When you move to a smaller home you need to weed through your possessions, many of us find that there are many things that we haven’t used or needed in years!  It really starts with an understanding of consumer culture, the problems it brings and the benefits you gain by at least partially removing yourself from it.  We are always going to need things, we will always need to purchase things, but the differentiation between needs and wants is a difficult thing to start doing.  We also need to be cognizant about how our culture influences us in this aspect, because it has a strong hold over many of us.  I am still in this process of myself, getting rid of what is not truly needed and reducing my possessions to the basics. There are those who try to do the 100 thing or 300 thing challenge, I don’t necessarily do that, but I have been able to shift my mind set to really question my stuff and my purchases.

9. Do they have running water, flushing toilets and lights?

Yes and no.  It depends on the house, there are many people who live in Tiny Houses who have all the creature comforts of modern society.  At the same time, there are those who bring in their own water, use composting toilets, and capture their power from the sun.  Many call this “off the grid”, my hope is to design my home to be able to tie into the grid fully, but can also operate off the grid.

10. Awesome!  How do I start?

My post on Monday will outline how to get started moving towards living in a Tiny House!


What Do You Need?

This weekend it was cold and dreary out, so I decided to tackle all my belongings, start to thin things out in preparation for moving into a Tiny House.  While I am about 1-2 years away from such a move (purchase the land and build my house), I knew there was a lot of things that I could get rid off.  I was able to reduce my belonging by about 50% by removing unessential things, junk and stuff I didn’t need anymore.  I should note I first donated, then recycled and finally if I had to, threw away.

The exercise got me thinking about what do you need?  I started a Mind Map (using xmind, a favorite of mine) to consider how I would integrate my tiny house, my stuff, food production, water, and energy.  When I got to stuff, I started to think, what does it mean to live simply?  The idea came to me, it’s a lot like going to college, simple, small etc.  When you move into a dorm room you have next to no space, but you need to have everything you need to live.

Now some will be quick to point out often in college you have a cafeteria, a gym, laundry facilities, etc.  I agree, but I really like what Gregory Johnson  over at Resources For Life says about this, living in a Tiny House means you need to “outsource” things.  So instead of a bowflex, you get a gym membership, instead of a full kitchen, you eat out (quite common in NYC).  Etc. Etc.  These things cost money, but in the end, you are saving a lot and with no debt it isn’t as bad, plus it afford you more free time.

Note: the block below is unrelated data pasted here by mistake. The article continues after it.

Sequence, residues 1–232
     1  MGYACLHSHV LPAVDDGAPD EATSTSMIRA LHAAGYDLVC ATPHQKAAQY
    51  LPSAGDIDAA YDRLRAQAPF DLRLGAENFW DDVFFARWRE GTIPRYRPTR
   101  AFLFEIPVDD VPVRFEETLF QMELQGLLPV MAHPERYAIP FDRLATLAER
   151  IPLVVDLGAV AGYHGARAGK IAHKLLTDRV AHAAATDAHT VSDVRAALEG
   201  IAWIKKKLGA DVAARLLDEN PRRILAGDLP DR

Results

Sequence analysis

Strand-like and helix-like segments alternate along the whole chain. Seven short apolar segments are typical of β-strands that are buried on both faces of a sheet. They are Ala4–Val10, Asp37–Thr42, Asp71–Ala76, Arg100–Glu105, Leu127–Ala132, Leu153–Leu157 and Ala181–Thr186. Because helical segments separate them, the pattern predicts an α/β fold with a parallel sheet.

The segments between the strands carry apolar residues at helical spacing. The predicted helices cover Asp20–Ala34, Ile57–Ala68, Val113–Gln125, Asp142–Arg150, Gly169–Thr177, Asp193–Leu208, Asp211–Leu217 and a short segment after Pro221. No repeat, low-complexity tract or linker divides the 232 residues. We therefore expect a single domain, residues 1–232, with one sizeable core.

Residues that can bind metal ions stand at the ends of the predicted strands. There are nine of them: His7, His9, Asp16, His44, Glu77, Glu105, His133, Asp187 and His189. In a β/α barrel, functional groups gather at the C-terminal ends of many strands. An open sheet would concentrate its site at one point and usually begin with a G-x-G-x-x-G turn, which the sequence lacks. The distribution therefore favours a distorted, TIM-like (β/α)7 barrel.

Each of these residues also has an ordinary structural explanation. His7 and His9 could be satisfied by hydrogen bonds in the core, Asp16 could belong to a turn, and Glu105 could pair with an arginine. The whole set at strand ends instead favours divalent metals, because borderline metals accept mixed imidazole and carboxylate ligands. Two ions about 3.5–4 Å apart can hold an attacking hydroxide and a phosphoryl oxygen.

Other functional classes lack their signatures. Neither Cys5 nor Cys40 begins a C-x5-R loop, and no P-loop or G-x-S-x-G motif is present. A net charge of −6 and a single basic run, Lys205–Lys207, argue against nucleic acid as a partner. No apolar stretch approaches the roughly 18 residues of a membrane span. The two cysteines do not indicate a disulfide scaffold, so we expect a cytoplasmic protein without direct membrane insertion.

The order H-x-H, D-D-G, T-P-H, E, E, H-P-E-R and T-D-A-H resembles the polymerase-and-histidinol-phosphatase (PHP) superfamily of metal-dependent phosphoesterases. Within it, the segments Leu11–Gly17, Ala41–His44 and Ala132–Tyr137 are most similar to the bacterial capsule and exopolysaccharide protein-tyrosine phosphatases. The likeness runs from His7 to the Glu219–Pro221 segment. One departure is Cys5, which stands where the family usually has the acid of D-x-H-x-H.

So when we consider moving to a college dorm room we know a few things: it is small, must be multifunctional, must be meet all your needs.  Sounds like similar circumstances in a Tiny House.  So if I were to make a list of what would it include?  Well here is suggested shopping list for a dorm Click Here.

The other thing to consider when trying to have a rough idea of what you will need is the 100 item challenge.  Here is Tammy’s list of things that she has in her house.

Finally I realize that no matter how slim I get things I will need to thin out some more when I make the final move.  So here is my plan.  Once I have constructed my Tiny House I plan to park it outside where I am currently living for 1 month.  I will move into my Tiny House with nothing.  The idea behind this is that any time I need something, I go into my old place and get just that one item.  Now this means I do have to pay rent for 1 month extra, but I should be able to swing it.  As I need things I will go get them, extra exercise for sure, but the point of the exercise to shift to an intentional way of life, so if I have to get on my shoes, go outside, unlock the door, walk up the stairs, find that one thing, then I will think about it.  At the end of the month I will have stuff left in my old place where I will sort through it all.  Is there things that I can do without or absolutely need?  I figure at the end of the month there isn’t much that I absolutely need need need if I didn’t use it in that time.

Below are two things that will help you along your way to reducing your things.

Here is a great book on getting your stuff under control and life simplification:

Here is a video that I like about one guys quest to simplify:

But Will It Make You Happier?

Today a good blogger friend of mine was featured in the New York Times, it talks about life simplification and what actually makes humans happy.  Not only is it inspiring, interesting and thought provoking, it is backed up with a good bit of research.  The article is really well written and I strongly encourage you all to read it.

A two-bedroom apartment. Two cars. Enough wedding china to serve two dozen people.

Yet Tammy Strobel wasn’t happy. Working as a project manager with an investment management firm in Davis, Calif., and making about $40,000 a year, she was, as she put it, caught in the “work-spend treadmill.”

So one day she stepped off.

Inspired by books and blog entries about living simply, Ms. Strobel and her husband, Logan Smith, both 31, began donating some of their belongings to charity. As the months passed, out went stacks of sweaters, shoes, books, pots and pans, even the television after a trial separation during which it was relegated to a closet. Eventually, they got rid of their cars, too. Emboldened by a Web site that challenges consumers to live with just 100 personal items, Ms. Strobel winnowed down her wardrobe and toiletries to precisely that number.

Full article here: NYT August 2010